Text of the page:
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She's Big on the Art of Recycling : There's no such thing as junk to Nancy Rubins, whose enormously ambitious sculptures defy gravity as they turn the world on end.

August 28, 1994|Kristine McKenna | Kristine McKenna is a regular contributor to Calendar

Nancy Rubins is such a petite woman, the art she makes seems as though it couldn't possibly come from her. Using the larger chunks of trash from modern life--scrapped airplane parts, discarded trailers, mattresses, hot water heaters--she creates hulking bouquets of metal junk on a scale so grand they simultaneously read as frightening, impossible and absolutely wonderful. The "gee whiz" factor in her art is very high.

Visiting the 41-year-old artist at her studio in Topanga Canyon where she lives with her husband, artist Chris Burden, one gets some idea of how this insanely ambitious work comes to exist.

Her modestly sized studio is in a state of barely organized chaos. Her drawings--large sheets of paper obsessively covered with graphite until they take on the sheen and weight of metal--are casually tacked to the walls and cover the floor, and many are irreparably torn and smudged. To get from one point to another, Rubins simply kicks them out of the way. She drags furniture over them. She hardly seems to notice they're there. It's a messy room, but there's something grand about the sheer volume of material it contains, and there's an exhilarating freedom in the rambunctious way she lives with the raw material of her art.

Rubins herself is a whirlwind of activity who always seems to be doing three things at once. Listening to her tell the story of her life and art in animated bursts, one deduces three facts: She has a wildly unfettered imagination and a child's sense of play; she had extensive schooling that gave her a solid grounding in the art of the 20th Century, and she has an indomitable, can-do approach to life. These things have led her to ask herself such questions as: "Why can't I make a sculpture out of 100 old mattresses smeared with 300 stale cakes?"

Included in MOCA's 1992 exhibition "Helter Skelter," a controversial exploration of the dark side of art in Los Angeles, Rubins contributed one of the show's most critically acclaimed works, and this is the Rubins piece Angelenos are most likely to have seen. A gigantic tumble of trailers and hot water heaters that loomed over the show like a menacing industrial cloud, the piece was a knockout and made clear why her work is so popular in Europe.

Southern California will get another look at her work when she unveils an installation at the Museum of Contemporary Art in San Diego on Sept. 23. By necessity, her site-specific pieces rarely live longer than the duration of the average gallery show and don't come to Los Angeles too often, so a drive south definitely seems in order.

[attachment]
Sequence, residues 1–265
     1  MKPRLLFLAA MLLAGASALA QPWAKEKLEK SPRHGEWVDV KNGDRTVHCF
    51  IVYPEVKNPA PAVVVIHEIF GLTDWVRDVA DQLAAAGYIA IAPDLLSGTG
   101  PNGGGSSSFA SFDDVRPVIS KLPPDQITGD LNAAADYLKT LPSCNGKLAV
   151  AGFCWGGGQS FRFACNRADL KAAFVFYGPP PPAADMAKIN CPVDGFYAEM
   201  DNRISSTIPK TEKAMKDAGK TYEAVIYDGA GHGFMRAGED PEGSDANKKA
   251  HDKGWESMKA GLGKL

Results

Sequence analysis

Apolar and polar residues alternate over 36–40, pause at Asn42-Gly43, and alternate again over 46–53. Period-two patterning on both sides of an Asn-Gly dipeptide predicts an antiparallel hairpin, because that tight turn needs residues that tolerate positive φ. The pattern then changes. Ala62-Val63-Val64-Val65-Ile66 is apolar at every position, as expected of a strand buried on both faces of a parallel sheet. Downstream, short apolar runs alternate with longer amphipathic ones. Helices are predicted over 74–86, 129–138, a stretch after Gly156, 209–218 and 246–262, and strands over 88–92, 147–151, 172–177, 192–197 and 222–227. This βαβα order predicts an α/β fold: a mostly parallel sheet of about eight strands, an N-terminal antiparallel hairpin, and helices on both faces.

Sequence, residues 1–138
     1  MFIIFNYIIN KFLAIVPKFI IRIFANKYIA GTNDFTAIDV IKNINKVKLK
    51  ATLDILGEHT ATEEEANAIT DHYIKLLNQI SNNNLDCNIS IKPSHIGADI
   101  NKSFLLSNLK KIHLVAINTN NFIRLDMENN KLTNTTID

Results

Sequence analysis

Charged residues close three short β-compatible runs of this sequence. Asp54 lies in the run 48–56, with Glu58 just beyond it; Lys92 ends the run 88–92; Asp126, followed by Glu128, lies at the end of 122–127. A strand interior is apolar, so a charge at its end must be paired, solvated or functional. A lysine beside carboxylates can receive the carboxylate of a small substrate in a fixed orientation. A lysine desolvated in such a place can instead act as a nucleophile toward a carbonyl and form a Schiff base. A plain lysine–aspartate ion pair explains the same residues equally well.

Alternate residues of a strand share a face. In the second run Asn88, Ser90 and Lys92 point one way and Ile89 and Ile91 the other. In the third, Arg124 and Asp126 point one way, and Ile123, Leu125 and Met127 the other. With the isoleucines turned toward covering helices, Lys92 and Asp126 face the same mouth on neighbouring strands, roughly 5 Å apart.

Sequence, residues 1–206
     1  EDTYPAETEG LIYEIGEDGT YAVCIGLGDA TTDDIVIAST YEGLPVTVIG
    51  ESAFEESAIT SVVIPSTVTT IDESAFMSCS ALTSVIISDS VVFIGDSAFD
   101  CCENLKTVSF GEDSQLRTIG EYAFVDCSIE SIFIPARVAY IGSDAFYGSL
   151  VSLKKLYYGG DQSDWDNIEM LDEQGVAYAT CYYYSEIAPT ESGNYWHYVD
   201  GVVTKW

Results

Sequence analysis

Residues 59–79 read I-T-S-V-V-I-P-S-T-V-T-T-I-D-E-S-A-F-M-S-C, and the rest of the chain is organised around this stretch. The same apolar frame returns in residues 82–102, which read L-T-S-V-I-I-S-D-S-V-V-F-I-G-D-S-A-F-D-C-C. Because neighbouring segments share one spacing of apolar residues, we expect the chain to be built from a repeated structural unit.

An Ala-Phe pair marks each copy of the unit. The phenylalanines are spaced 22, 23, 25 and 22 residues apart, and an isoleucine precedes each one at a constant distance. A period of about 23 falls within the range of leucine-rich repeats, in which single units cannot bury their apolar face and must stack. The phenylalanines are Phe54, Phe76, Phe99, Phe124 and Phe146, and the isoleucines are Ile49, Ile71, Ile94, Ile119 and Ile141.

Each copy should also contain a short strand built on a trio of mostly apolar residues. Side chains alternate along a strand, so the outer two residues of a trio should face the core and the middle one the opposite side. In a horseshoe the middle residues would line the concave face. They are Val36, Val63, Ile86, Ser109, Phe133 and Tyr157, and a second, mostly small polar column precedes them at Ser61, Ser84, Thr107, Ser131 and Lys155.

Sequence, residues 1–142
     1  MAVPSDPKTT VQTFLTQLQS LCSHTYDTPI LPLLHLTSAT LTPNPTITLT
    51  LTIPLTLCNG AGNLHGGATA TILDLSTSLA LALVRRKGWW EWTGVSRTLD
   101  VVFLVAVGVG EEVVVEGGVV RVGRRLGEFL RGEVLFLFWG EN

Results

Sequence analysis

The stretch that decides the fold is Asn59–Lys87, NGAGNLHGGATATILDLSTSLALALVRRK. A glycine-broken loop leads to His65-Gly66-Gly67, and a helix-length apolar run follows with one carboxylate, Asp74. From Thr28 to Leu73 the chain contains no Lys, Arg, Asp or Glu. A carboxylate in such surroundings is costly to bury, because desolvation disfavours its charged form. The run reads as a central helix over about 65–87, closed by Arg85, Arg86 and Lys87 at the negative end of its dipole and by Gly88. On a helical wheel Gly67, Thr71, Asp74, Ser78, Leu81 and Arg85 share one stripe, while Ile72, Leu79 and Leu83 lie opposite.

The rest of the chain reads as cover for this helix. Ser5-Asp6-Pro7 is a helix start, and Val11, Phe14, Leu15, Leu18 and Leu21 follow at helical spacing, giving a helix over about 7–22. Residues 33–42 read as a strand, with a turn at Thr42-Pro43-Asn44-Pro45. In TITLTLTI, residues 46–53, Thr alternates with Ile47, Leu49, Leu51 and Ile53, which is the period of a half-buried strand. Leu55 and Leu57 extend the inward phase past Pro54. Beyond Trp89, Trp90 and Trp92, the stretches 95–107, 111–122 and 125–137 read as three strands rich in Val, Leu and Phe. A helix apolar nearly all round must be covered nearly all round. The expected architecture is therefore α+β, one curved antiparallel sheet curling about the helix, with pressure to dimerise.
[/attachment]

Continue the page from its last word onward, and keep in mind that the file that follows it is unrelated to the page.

Rubins is remarkably precise in charting the development of her work--many artists balk at such a task, but she seems to remember everything. Born in Naples, Tex., the youngest in a family of three children, Rubins and her family relocated periodically throughout her childhood, following her father's career as a research engineer.

"We lived in Cincinnati for a few years, then we moved to Tennessee, and I mostly grew up in a tiny town there called Tullahoma. My mother took us to museums and I loved drawing, but I wasn't one of those kids who could draw a face--I guess I couldn't calm down enough to do a neat drawing," she says with a laugh.

"I had an extreme sensibility from the time I was young, and always played intensely and had a little too much energy. I made candles, for instance, and the candles always got out of hand. You know how kids melt their crayons and make candles--I'd keep melting until what I was making turned into something that had nothing to do with a candle."

Graduating from high school at the age of 16, Rubins enrolled at Peabody College in Nashville planning to become a high school art teacher, but all it took was one day of classes for her to realize she was in the wrong place.

"They were training people to be exactly the kind of teacher I always hated, so I left that program and became an art major and started making paintings--these strange, organic, Eva Hesse-looking things. Scale has always been an issue in my work and even those early paintings were big--they were more like objects that hung over ropes," says Rubins who, surprisingly enough, has never taken a sculpture class. "I spent a lot of time in the ceramics lab too, and at the time was influenced by funk, a kind of low Pop, and Minimalism."

After two years at Peabody, Rubins transferred to the Maryland Institute College of Art in Baltimore, where she says she began making "crude, unfired ceramic pieces. At the time I was interested in work by Peter Voulkos, and a few years later the work of Robert Arneson became important for me.

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